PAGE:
Tuesday, July 7, 2009

Pleading Theory of Vicarious Liability Not Required for Joint Infringement Claim

In denying defendants' motion for judgment on the pleadings regarding claims of joint infringement, the court found that "there is little doubt that [BMC Resources, Inc. v. Paymentech, L.P., 498 F.3d 1373, 1380 (Fed. Cir. 2007)] and [Muniauction, Inc. v. Thomson Corp., 532 F.3d 1318, 1329 (Fed. Cir. 2008)] have elevated the level of proof that is necessary to succeed on a joint infringement theory. However, this Court is not willing to read these decisions as mandating a heightened pleading standard that requires a plaintiff to plead a specific theory of vicarious liability. It is true that [plaintiff] must eventually prove 'direction and control' to establish joint infringement, but the legal standard enunciated by Paymentech and reiterated by Muniauction simply does not invoke a heightened pleading standard nor does the standard necessarily require vicarious liability."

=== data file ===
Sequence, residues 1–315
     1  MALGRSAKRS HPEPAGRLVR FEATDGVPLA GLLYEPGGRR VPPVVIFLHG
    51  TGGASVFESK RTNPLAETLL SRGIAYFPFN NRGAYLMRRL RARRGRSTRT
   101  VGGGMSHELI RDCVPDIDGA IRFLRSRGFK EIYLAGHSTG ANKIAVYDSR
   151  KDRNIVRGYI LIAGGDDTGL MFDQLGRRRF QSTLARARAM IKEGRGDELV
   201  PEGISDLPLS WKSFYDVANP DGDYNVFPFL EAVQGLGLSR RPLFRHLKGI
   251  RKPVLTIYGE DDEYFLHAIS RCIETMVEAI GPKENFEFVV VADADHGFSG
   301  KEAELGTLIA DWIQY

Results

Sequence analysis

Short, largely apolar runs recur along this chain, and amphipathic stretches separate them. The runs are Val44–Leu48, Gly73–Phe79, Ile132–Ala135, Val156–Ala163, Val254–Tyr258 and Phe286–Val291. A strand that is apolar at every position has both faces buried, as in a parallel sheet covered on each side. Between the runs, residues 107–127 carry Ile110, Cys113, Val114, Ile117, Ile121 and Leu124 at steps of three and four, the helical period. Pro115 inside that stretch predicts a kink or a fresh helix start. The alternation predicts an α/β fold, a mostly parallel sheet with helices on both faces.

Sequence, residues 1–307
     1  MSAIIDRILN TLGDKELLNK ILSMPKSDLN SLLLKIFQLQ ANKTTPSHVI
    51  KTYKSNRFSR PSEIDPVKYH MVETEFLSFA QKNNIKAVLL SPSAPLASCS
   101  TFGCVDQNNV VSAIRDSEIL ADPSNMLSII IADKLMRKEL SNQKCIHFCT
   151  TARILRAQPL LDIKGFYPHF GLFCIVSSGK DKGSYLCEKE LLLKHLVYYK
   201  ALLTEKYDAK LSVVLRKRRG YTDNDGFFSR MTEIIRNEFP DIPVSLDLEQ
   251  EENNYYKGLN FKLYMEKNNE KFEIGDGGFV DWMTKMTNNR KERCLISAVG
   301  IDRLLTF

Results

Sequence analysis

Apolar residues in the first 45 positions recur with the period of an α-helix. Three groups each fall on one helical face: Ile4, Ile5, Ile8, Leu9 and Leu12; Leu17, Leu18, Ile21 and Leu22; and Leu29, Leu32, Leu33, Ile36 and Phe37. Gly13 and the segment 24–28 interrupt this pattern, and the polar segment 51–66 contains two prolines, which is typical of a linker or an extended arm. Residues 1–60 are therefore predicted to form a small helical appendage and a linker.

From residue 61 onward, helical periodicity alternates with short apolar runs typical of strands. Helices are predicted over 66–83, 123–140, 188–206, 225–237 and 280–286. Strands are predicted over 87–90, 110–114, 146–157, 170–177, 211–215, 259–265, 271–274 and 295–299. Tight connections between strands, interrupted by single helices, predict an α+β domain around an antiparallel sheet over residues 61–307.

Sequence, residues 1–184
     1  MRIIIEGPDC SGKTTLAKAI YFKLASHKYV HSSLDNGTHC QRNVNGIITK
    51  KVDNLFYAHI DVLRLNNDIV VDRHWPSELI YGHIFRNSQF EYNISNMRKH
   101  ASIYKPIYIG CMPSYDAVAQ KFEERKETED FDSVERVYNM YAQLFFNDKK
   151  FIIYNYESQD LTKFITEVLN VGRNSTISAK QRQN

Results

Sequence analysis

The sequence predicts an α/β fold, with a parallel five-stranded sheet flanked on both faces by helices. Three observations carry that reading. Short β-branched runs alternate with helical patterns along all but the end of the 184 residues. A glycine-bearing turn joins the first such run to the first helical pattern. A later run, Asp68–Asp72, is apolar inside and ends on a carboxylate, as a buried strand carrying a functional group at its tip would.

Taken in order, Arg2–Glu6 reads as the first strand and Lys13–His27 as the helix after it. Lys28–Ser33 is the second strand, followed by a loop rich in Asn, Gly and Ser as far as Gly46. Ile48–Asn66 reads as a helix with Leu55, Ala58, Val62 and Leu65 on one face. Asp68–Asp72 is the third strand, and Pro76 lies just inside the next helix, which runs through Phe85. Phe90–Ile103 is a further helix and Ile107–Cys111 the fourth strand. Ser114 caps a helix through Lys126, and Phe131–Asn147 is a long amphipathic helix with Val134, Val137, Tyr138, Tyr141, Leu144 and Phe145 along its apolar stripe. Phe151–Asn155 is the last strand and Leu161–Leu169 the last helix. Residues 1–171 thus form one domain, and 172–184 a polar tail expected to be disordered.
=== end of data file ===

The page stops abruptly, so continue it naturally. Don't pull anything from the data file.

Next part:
Charles E. Hill & Associates, Inc. v. Abercrombie & Fitch Co. et al, 2-07-cv-00234
(TXED July 2, 2009, Order) (Folsom, J.)

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